I will be at the charity horror convention, Scares That Cares this coming Saturday, July 22nd, most of the time at the Horror Writers Association Virginia table in the dealers room at the Doubletree Hotel in Williamsburg, VA. You can purchase and get signed by me, one of my nonfiction ghost books (one concerns Williamsburg-Virginia's Haunted Historic Triangle) or my collection of horror short stories, Spectre Nightmares and Visitations. Plus 8:30pm – 9:30pm – I will be at the HWA Virginia Meet & Greet in rooms A and B. Information on cost, plus address of the hotel, what actors are guests, other authors, and more can be found here:

Friday, July 14, 2017

Supernatural Friday: Icy Poem (Original Poem)

Enjoy this poem. It is copyrighted by me, so if wish to share it with friends and family, please share the link. Thank you.

"My Soul for a Bucket of Ice"
Pamela K. Kinney

Summer heat;
humidity draining me.
The night is
no different
The moon doesn’t
cool me down
I would do anything,
anything to be cold.
Even sacrifice
my first born child
Or rip out
the heart of my enemy.
I make this summoning,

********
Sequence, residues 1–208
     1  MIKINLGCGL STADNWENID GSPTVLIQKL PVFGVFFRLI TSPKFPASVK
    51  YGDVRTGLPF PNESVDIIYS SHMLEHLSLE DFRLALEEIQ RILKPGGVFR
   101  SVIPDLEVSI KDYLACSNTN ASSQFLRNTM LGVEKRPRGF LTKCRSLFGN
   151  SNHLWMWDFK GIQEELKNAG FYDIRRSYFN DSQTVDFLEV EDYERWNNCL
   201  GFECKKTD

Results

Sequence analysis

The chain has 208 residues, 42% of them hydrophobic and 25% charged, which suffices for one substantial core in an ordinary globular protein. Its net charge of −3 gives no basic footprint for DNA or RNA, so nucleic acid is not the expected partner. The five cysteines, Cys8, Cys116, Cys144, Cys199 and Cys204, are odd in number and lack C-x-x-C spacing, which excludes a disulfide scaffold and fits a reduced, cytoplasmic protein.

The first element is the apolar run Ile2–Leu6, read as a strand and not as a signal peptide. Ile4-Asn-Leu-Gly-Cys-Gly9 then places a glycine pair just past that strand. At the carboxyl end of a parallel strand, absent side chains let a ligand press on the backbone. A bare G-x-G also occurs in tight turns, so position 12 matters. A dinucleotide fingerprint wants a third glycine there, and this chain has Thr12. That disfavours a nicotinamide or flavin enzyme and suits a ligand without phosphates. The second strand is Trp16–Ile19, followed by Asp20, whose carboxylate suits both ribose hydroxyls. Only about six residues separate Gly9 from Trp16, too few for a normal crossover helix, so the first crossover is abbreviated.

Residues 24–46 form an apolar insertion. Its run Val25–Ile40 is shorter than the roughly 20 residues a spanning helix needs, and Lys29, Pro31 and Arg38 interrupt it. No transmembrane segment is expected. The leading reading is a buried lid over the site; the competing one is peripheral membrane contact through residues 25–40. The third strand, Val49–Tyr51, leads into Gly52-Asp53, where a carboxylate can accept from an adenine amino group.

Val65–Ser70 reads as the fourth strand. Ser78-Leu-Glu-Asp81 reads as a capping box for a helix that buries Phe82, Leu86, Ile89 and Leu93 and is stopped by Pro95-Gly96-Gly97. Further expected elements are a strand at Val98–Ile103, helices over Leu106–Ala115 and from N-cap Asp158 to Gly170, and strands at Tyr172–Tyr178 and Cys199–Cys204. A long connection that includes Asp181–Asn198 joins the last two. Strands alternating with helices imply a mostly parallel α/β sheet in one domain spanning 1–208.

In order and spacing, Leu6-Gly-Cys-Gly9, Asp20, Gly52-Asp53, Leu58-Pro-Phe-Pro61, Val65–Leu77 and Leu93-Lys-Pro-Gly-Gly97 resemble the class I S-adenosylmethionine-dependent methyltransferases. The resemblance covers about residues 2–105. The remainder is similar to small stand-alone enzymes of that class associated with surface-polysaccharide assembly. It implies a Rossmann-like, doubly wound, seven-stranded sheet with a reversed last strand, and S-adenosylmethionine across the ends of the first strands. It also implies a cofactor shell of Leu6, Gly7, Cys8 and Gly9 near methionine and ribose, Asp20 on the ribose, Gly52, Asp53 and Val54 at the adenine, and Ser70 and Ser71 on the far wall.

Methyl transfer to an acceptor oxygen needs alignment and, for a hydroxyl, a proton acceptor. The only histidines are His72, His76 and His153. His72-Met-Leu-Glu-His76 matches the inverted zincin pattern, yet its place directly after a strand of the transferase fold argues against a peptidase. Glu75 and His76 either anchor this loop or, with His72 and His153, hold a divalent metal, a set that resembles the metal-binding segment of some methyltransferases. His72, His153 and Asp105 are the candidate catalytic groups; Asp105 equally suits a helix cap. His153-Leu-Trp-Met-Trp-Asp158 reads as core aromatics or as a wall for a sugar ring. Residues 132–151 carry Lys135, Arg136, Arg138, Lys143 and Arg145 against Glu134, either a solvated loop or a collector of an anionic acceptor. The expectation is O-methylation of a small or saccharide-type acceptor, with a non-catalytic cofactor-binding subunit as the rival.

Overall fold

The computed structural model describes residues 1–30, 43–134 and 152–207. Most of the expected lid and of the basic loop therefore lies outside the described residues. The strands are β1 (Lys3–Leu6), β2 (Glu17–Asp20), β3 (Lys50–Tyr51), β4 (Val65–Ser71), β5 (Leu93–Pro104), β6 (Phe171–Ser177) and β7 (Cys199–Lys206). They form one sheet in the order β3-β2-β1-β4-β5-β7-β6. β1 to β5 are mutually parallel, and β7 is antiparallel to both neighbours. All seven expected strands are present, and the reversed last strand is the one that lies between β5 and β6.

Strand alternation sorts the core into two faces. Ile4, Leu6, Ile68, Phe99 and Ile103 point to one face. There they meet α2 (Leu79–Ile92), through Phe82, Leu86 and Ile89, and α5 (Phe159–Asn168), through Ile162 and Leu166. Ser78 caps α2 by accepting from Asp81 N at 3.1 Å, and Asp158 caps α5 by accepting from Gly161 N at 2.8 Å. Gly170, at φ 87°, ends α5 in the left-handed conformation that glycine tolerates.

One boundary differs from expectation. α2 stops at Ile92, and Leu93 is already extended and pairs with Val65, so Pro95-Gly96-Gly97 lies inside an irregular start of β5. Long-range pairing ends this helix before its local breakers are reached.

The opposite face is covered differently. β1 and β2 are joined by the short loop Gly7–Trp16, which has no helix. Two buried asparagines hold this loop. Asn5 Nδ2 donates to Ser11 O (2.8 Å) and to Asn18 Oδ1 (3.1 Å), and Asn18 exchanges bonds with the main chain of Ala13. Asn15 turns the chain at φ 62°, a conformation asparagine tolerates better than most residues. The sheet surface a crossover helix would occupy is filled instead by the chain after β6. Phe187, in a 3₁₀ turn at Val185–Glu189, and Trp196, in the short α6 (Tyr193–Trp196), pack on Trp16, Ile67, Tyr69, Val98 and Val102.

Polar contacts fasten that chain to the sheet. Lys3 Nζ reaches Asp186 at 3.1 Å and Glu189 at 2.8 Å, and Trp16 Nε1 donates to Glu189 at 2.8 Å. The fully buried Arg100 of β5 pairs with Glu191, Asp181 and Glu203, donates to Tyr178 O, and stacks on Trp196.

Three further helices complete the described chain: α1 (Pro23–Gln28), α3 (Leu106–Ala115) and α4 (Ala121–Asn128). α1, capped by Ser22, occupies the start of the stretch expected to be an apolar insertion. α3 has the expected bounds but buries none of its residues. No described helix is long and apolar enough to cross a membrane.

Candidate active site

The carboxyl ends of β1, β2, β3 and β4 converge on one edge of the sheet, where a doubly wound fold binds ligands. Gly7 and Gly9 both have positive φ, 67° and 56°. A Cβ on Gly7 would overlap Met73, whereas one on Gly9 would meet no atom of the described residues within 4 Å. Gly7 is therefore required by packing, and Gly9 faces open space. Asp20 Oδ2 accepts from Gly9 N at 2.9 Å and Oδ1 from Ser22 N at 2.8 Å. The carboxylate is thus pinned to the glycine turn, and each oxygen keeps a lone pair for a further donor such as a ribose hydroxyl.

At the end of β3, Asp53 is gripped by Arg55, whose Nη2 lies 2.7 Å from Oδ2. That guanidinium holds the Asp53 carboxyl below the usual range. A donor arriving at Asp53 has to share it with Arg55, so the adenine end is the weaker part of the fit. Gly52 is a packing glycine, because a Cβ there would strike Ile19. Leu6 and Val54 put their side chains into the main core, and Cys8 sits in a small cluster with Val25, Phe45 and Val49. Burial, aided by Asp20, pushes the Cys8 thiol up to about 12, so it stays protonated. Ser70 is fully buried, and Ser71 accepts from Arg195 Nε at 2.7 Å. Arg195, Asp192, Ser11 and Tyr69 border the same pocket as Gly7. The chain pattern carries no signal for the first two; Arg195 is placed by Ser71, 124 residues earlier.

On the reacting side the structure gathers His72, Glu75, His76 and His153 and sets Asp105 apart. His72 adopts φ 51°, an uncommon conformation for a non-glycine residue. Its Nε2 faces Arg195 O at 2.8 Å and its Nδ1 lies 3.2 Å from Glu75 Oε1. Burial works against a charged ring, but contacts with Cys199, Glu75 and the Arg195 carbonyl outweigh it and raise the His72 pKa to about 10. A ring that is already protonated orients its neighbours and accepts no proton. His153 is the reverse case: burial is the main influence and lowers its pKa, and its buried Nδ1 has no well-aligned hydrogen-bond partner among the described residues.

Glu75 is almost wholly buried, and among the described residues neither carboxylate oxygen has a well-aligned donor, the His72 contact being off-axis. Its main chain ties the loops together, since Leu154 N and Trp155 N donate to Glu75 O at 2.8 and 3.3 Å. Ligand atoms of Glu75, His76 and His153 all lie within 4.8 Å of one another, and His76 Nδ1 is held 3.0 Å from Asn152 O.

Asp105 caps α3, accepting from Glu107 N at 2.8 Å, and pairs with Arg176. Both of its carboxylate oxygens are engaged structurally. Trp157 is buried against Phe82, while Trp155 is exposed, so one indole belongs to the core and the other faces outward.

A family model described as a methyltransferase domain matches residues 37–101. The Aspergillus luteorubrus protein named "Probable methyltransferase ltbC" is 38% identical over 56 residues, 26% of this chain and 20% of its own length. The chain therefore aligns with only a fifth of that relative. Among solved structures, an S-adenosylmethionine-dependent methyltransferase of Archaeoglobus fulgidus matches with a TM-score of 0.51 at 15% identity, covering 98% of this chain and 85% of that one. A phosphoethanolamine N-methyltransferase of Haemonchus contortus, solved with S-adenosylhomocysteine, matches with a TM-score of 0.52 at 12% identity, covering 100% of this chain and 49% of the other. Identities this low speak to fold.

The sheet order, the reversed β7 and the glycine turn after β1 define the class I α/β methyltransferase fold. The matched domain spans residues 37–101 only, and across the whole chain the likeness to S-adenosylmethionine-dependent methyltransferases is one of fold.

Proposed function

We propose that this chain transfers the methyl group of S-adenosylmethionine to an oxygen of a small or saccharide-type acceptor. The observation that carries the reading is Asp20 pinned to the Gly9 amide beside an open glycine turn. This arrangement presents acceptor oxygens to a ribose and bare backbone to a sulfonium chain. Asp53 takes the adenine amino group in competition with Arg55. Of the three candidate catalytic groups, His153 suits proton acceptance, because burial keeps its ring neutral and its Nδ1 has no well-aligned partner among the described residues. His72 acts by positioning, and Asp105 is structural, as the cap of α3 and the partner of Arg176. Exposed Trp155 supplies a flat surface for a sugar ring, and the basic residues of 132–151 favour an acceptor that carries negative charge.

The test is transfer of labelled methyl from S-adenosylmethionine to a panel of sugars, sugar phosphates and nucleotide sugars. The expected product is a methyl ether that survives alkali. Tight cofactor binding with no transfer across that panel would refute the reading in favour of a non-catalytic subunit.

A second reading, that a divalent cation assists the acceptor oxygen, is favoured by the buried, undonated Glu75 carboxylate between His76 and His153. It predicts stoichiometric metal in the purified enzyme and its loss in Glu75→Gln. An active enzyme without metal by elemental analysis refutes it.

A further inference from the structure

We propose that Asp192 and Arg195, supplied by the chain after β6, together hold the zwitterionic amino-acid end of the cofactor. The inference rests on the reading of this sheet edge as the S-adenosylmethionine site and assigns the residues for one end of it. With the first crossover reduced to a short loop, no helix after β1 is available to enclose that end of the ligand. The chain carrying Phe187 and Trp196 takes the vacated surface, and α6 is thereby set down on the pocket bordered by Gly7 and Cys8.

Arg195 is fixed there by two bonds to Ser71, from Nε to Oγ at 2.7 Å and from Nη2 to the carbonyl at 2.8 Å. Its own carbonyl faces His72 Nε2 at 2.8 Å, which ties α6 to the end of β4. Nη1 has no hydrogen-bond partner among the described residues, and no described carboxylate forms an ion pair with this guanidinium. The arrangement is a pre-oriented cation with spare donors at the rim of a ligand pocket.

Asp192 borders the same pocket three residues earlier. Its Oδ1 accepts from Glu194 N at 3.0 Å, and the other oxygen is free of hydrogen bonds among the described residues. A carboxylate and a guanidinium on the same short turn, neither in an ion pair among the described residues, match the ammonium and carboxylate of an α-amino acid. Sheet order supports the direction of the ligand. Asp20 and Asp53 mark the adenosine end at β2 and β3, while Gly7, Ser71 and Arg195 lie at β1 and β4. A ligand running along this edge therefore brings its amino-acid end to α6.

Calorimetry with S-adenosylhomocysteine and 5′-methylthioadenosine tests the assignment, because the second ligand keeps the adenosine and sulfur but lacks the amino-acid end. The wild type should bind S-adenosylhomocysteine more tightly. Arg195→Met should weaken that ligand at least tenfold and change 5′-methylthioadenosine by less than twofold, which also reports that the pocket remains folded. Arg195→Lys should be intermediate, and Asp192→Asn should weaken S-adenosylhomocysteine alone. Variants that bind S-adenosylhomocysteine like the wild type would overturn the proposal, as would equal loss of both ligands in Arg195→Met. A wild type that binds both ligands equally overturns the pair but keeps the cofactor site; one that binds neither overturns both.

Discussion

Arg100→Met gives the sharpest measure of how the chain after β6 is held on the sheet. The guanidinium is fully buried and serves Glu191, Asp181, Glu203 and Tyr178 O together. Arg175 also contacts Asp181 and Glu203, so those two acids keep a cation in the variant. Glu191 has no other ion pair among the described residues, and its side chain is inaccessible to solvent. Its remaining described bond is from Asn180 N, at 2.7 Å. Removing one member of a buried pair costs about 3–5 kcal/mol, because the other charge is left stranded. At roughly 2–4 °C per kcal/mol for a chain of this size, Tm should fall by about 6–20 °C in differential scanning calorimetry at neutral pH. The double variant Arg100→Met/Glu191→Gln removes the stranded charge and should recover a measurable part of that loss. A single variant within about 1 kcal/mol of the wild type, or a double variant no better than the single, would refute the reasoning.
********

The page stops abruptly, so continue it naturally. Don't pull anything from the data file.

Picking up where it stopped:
I will keep sweating.
Circle of blood;
black candle lit
Chant rising
on the night’s fetid air
A form of
black mist inside
Eyes red
as hellfire
staring back at me
“What is your command?”
I fall to my knees
Cry out,
“I need freezing cold!”
“As you wish. . .”
I disappear
End up
in a cave of ice
Many miles below
the Arctic snow and ice.
Maybe I should have
been more specific
And maybe,
Next time don’t use,
Demon Summoning for Dummies,
go to the supermarket
and buy a bag of ice. 

Friday, July 07, 2017

Supernatural Friday: Passing the Infection (Original Poem)

Please, enjoy this horror poem. Share the link and not the poem with your friends. Thank you.

Passing the Infection


Pamela K. Kinney

Mouth full of jagged fangs
Bites; it hurts, oh it hurts!
My life is sucked away,
Crimson, wet, no life left
Something is exchanged
Corrupting me, molding me
Death is short,
Until, the next night,
Rising, a walking virus
Seeking, seeking, seeking
Biting, biting, biting
Undead infection.

Tuesday, July 04, 2017

Supernatural Friday Several Days Late: 4th of July Myths

Happy 4th of July, I know, I 'm late with a Supernatural Friday past, but I'd been signing my books for three days at a local Army base Friday through Sunday. Anyway, I hope that you  don't overeat all those burgers, hot dogs and barbecued ribs today, along with everything else delicious.  There are myths connected with the Fourth. It's something different to learn about this holiday, showing that we have much to learn about it.

4th of July is a celebration of the U.S. Constitution.